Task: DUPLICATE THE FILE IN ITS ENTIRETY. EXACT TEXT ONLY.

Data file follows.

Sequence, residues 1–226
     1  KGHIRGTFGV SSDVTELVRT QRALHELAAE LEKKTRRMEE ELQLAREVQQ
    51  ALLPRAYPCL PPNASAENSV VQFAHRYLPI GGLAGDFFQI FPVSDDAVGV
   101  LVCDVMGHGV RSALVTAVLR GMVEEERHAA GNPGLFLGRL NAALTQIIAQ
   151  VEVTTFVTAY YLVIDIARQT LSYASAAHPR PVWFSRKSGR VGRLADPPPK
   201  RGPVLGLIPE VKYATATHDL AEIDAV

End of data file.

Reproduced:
Sequence, residues 1–226
     1  KGHIRGTFGV SSDVTELVRT QRALHELAAE LEKKTRRMEE ELQLAREVQQ
    51  ALLPRAYPCL PPNASAENSV VQFAHRYLPI GGLAGDFFQI FPVSDDAVGV
   101  LVCDVMGHGV RSALVTAVLR GMVEEERHAA GNPGLFLGRL NAALTQIIAQ
   151  VEVTTFVTAY YLVIDIARQT LSYASAAHPR PVWFSRKSGR VGRLADPPPK
   201  RGPVLGLIPE VKYATATHDL AEIDAV